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Are Your Kids Driving You to Distraction?

Keep Calm SignA study by the Monash University Accident Research Centre in Western Australia has found that children are 12 times more distracting to a driver than talking on a mobile phone.

This will come as no surprise to any parent who has endured a journey with energetic young children as passengers; however, the more astonishing statistic is that parents in the study took their eyes off the road for an average of three minutes and 22 seconds during a 16 minute trip.

Top ways your children get your attention in the car

How do they do it?  Their tactics for getting our attention vary; some are the preserve of babies and toddlers whilst others require a level of strategy known only to an eight year-old. One thing they all have in common, though: they drive us to distraction!

They need a snack

You may have fed your child a three-course feast right before leaving the house, but the moment you turn out of your driveway, you can guarantee they’ll be hungry or thirsty again. Seasoned parents don’t travel anywhere without a supply of easy-access snacks and drinks. 

Our tip: Kids with the munchies are rarely quiet about it. If you’re setting off on a long journey, go prepared.

Spilled food & drinks

Small girl with chocolateThe last point leads neatly to this inevitable conclusion: odds are high that even children with years of experience feeding themselves will drop their sandwich or spill their drink the moment you can’t pick it up again for them. Body-painting with any available sticky food substance is also a favourite past-time. 

The distractions for the driver are numerous here. Firstly there’s stress brought about by your child's reaction. Then there’s the temptation to grope around blindly behind you to locate the missing item. You'll be worrying about stains on the car upholstery. And lastly there’s the very real concern that your child may attempt to get out of their car seat to pick up the item themselves.

Tip 1: If your child does attempt to get out of their child seat and they don’t respond to your instructions not to, pull over as soon as you safely can to sort the situation out.
Tip 2: Pack two of everything in the snack department. 
Tip 3: Buy shares in a leading wet-wipe manufacturer and place mountainous quantities within reach of...well, everything really. 

Needing the bathroom

Yes, this is another of those inescapable truths – children will need to go to the bathroom, and they’ll usually announce this essential requirement about 60 seconds after you’ve turned onto the motorway, some 50 miles or so before the next services.

Distractions here are increasingly urgent cries of distress and an awful lot of squirming and wriggling. You may find yourself frantically scrabbling for a semi-absorbent object that can be shoved hastily under your child if the worst should happen.

Our tip: Don’t believe their assurances that they don’t need the bathroom before getting in the car. And don’t believe them when they say they’ve already been – they want to get on the road as quickly as possible. After all, that’s when the snacks come out!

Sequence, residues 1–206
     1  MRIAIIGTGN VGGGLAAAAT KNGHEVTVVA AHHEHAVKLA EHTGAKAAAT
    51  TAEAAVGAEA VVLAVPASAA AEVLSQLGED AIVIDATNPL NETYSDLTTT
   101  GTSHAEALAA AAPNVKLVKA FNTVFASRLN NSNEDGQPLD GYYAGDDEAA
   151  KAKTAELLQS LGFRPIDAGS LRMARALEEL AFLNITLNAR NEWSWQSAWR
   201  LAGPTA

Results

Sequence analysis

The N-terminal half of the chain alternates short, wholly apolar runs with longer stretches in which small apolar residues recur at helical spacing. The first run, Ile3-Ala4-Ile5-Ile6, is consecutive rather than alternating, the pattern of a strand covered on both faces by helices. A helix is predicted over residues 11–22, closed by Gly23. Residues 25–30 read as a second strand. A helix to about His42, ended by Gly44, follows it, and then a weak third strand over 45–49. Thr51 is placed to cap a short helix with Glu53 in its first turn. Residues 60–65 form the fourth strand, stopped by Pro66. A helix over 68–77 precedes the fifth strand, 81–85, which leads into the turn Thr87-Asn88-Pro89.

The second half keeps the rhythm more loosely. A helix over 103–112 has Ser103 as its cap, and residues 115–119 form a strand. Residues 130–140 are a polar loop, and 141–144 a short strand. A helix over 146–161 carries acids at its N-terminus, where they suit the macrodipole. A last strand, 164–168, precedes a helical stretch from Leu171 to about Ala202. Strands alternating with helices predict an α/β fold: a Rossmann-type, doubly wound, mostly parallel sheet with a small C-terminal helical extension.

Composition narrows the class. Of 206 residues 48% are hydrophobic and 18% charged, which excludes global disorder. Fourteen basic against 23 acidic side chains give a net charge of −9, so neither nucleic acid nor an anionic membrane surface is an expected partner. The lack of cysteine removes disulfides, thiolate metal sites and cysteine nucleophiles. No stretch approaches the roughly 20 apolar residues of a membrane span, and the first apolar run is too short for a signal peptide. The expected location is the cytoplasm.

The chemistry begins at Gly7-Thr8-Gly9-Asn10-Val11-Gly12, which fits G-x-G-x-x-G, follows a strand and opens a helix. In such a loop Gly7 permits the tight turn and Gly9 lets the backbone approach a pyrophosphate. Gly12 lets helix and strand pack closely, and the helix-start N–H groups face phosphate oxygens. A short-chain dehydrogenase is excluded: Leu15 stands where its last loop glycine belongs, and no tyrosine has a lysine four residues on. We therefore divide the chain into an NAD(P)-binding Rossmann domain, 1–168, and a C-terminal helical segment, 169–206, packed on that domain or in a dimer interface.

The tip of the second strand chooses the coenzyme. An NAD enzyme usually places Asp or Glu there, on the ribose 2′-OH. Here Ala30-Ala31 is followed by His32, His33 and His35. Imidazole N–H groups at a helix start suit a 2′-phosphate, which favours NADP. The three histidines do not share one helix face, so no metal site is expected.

Fighting

Two brothers fightingWhen there are two children in the back seat they will fight over the arm-rest in the middle. When there are three, they’ll fight over anything. Typical triggers for fisticuffs include: elbow-poking, leg-nudging and leaning; not sharing a blanket equally; accusations of food/drink/toy theft; cheating at “I Spy”; taking up too much room. We could go on…

Our tip: You can’t separate them so try to distract them with music, visual games or audio books through the car’s sound system. The Wheels on the Bus is torture to many parents, but marginally less distracting than a re-enactment of Rocky behind you.

Tantrums

Tantrums are difficult to deal with at any time, but never more so than when you’re behind the wheel of a car and limited in your options. Toddlers hold the prize for this behaviour, and can out-scream pretty much any other age group. Causes? Anything from a dropped toy to wearing the wrong colour t-shirt.

Our tip: Experience may teach you to tune out the worst of a toddler tantrum, but if you aren’t able to do this effectively, find somewhere safe to pull over, deal with the situation and take a few minutes for everyone to relax before getting on your way again.

Prolonged crying

We haven’t put this in the same league as tantrums, because it seems unfair to younger babies who might actually have a genuine, albeit non-communicable reason for a prolonged crying jag. However, it’s just as stressful to the driver, who can do very little to soothe the baby or even investigate the problem until they can find a good stopping place.

As with many of these situations, odds are good that they’ll occur when there’s the least chance of being able to pull over.

On a more serious note, these distractions do increase the chance of you having an accident. While there's sometimes very little to prevent a child-related distraction from occurring, and even less you can do to respond to the situation immediately, do make sure your child’s car seat is correctly fitted and they are properly strapped in to reduce the consequences if the worst should happen. 

Girl Motor understands family life. Contact us for a quote next time your car insurance is due for renewal.

Call *0344 493 7743 or go online.

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